The Martin Lectures Fund was established by gifts of many friends of Professor Charles Beebe Martin ’76, in recognition of his service of more than 40 years as a teacher of Greek and the Fine Arts.

The 2018 Charles Beebe Martin Lectures

Shadi Bartsch-Zimmer, Helen A. Regenstein Distinguished Service Professor in Classics at the University of Chicago

Revolutionary Rereading: The Western Classics in Modern China

Statue of Socrates

Monday, Oct. 8 at 7:30 pm: The Road to June 4, 1989

Tuesday, Oct. 9 at 4:45 pm: Plato's Republic in the People's Republic of China

Thursday, Oct. 11 at 4:45 pm: The Politics of Rationality

Friday, Oct. 12 at 4:45 pm: Socrates, Confucius, and Chinese Nationalism

All talks take place in the Craig Lecture Hall of the Oberlin College Science Center (corner of Lorain and Woodland Streets).
The public is cordially invited to a reception after Monday night's lecture.

History and Listing of the Martin Lectures

Volumes I-XXX were published by the Harvard University Press by arrangement with the Martin Classical Lectures Committee. Thereafter a new series was established, with publication by the Princeton University Press.

Each volume, except the first, was delivered by a single individual and accordingly each such volume has its own title.

Browse History of Martin Lectures


O’Donnell, James J. (University of Pennsylvania), The Lives of Augustine

  • Mar. 5: “Death in Hippo”
  • Mar. 6: “The Man without Qualities”
  • Mar. 8: “The Past Recaptured”
  • Mar. 9: “The Tongue Set Free”

Morris, Ian (Stanford University), The Greek Economic Miracle

Feb. 11: “The Case of the Missing Capitalists”
Feb. 12: “How the Good Life Got Better in Ancient Greece”
Feb. 14: “Weight of Numbers: the Economic History of the Very Long Term”
Feb. 15: “Making Sense of Miracles”


Nagy, Gregory (Harvard University), Masterpieces of Classical Metonomy

Mar. 3: “Music at the Festival”
Mar. 4: “Art and its Attractions”
Mar. 6: “Beauty and its Delicate Creations”
Mar. 7: “Mysteries of Fusion”


Putnam, Michael (Brown University), Poetic Interplay: Catullus and Horace
NS. Vol. VII, Poetic Interplay: Catullus and Horace (2006)

Mar. 8: “Time and Place”
Mar. 9: “Speech and Silence”
Mar. 11: “Helen”
Mar. 12: “Virgil”


Kurke, Leslie (University of California at Berkeley), Aesopic Conversations: Popular Tradition and Cultural Dialogue in Antiquity

Feb. 28: “The Aesop Tradition and Aesop at Delphi”
Mar. 1: “Aesop as Sage: Political Counsel and Discursive Practice”
Mar. 3: “The Aesopic Parody of High Wisdom”
Mar. 4: “Aesop in Plato and Herodotus, or the Socio-Politics of Prose”


Gruen, Erich (University of California at Berkeley), Idenitity Theft: Cultural Appropriations and Collective Identity in Antiquity

Feb. 27: “Fictitious Kinships”
Feb. 28: “Foundation Legends”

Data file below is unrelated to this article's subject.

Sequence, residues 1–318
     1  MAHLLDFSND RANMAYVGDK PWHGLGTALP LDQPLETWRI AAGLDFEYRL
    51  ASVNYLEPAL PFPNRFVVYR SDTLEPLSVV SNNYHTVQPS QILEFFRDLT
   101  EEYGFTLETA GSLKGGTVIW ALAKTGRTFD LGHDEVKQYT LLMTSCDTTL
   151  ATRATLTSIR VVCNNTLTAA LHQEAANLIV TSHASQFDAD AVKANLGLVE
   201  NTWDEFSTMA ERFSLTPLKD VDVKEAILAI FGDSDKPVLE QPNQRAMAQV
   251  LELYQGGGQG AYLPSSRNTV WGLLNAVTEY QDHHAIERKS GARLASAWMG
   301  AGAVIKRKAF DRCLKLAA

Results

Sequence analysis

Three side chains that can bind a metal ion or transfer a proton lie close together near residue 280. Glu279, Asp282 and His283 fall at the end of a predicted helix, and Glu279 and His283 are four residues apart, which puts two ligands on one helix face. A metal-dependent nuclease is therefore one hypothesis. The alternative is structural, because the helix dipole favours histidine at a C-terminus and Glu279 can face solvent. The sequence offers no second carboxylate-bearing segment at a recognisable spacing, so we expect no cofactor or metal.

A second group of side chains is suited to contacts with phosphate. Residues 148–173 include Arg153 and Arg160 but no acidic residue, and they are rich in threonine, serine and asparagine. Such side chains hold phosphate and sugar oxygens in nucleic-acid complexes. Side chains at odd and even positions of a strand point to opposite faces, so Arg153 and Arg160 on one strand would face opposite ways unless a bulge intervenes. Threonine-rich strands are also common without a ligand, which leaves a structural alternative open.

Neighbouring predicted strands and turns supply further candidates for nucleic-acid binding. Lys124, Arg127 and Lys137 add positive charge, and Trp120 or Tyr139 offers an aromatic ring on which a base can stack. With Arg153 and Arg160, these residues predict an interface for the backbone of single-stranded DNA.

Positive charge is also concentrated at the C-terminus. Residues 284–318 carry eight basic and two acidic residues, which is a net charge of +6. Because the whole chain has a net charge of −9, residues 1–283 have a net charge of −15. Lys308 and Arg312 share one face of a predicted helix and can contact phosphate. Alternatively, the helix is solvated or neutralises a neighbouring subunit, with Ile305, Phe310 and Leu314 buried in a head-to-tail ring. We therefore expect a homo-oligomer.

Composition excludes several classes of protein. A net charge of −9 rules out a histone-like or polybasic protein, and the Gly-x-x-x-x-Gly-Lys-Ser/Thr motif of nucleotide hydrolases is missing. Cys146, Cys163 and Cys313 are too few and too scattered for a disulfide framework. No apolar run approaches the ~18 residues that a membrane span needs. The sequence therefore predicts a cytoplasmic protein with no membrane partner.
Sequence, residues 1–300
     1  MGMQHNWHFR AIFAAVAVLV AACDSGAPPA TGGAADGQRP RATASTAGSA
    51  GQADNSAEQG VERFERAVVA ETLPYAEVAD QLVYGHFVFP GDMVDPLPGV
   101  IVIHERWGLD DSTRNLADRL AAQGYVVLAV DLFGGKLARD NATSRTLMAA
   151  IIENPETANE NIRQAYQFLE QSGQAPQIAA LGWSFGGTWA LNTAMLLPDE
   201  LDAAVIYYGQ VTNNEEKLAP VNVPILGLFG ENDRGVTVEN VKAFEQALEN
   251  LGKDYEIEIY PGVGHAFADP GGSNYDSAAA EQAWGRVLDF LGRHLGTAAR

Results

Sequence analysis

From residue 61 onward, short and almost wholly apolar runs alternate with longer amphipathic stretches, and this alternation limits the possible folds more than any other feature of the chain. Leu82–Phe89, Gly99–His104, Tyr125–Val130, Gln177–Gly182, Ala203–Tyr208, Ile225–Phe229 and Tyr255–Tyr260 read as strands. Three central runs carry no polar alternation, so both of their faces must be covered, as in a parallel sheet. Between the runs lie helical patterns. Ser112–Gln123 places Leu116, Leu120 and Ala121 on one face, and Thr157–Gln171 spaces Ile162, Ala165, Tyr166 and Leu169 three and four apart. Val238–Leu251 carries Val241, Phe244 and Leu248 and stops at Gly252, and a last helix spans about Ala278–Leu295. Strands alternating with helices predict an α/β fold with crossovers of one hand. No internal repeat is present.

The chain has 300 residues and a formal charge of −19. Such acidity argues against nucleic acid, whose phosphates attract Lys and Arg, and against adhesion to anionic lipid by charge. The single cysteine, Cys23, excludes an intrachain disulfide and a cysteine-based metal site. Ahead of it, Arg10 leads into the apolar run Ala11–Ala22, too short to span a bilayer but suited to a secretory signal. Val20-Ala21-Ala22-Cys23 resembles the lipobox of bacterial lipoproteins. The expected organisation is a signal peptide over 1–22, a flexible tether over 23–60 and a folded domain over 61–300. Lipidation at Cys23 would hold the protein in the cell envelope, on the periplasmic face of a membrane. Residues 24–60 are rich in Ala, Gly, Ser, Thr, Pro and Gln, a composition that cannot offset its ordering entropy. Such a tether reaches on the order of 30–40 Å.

Mar. 2: “Cultural Appropriation and Approbation”
Mar. 3: “Embracing the ‘Other’”


Osborne, Robin (The University of Cambridge), The Politics of Pictorial Representation in Early Athenian Democracy

Mar. 5: “Painted Pottery and its History”
Mar. 6: “The Politics of War”
Mar. 8: “Athletics and the Politics of Desire”
Mar. 9: “Pots and Politics”


Farrell, Joseph (The University of Pennsylvania), Juno’s Aeneid: Narrative, Metapoetics, Dissent

Feb. 25: “The Choice of Aeneas: Achilles and Odysseus in the Eyes of Homer’s Critics”
Feb. 26: “The Wrath of Jono In Vergil’s Homeric Program”
Feb. 28: “The Vergilian narrator and Augustus’ Culture of Dissent”
Feb. 29: “No Second Troy? Reading with Aeneas”


Kraus, Christina (Yale University), Tacitean Polyphonies: The Agricola and its Scholarly Reception

Apr. 13: “The Agricola and the Problem of Genre”
Apr. 14: “In the Castra with the Lead Pipe: The Fetishization of Roman Britain”
Apr. 16: “Which Tacitus? The Agricola and the Career of the Author”
Apr. 17: “The Challenges of Commentary”


Goldhill, Simon (Cambridge University), Virgins, Lions, and Honest Pluck: The Victorians and Classical Antiquity

Feb. 22: “Desire and the Classical Body: Victorian Imaging, from Waterhouse to Warhol”
Feb. 23: “Who Killed Chevalier Gluck?”
Feb. 25: “The Most Popular American Book Ever”
Feb. 26: “How Classics Destroyed the Church”


Wohl, Victoria (University of Toronto), Euripides and the Politics of Form

Feb. 21: “The Politics of Form”
Feb. 22: “Broken Plays for a Broken World”
Feb. 24: “Beautiful Tears”
Feb. 25: “The End”


Barchiesi, Alessandro (University of Siena, Stanford University), The Council of the Gods

Nov. 5: “The Divine Senate”
Nov. 6: “The Council in Hell”
Nov. 8: “A Triadic Model”
Nov. 9: “Adjustment Team”


Frankfurter, David (Boston University), Christianizing Egypt: Syncretism and Local Worlds

Nov. 4: “Re-Modeling the Christianization of Egypt”
Nov. 5: “Domestic Religion and Religious Change”
Nov. 7: “A Site of Blessings, Dreams and Wonders: The Egyptian Saint’s Shrine as a Crucible of Christianization”
Nov. 8: “Whispering Spirits, Holy Processions: Christianizing the Egyptian Religious Landscape”


Martin, Richard (Stanford University), Homer Abroad: Greek Epic in Comparative Perspective

Oct. 6: “Crete and Homeric Singers”
Oct. 7: “Ireland and Homeric Audiences”
Oct. 9: “Kyrgystan and Homeric Heroes”
Oct. 10: “Mali and Homeric Composers”


Ellis, Steven (University of Cincinnati), The Pompeian Context: Lessons from the Excavation of a Roman City

Nov. 6: “Context and Complexity in the Social and Structural Making of Pompeii”
Nov. 7: “Retail Investment and the Socio-economics of Sub-elite Construction”
Nov. 9: “The Specialized Roman City: The Rise and Fall of Urban Innovation”
Nov. 10: “Life of Marcus Surus Garasenus: A Syrian in Pompeii”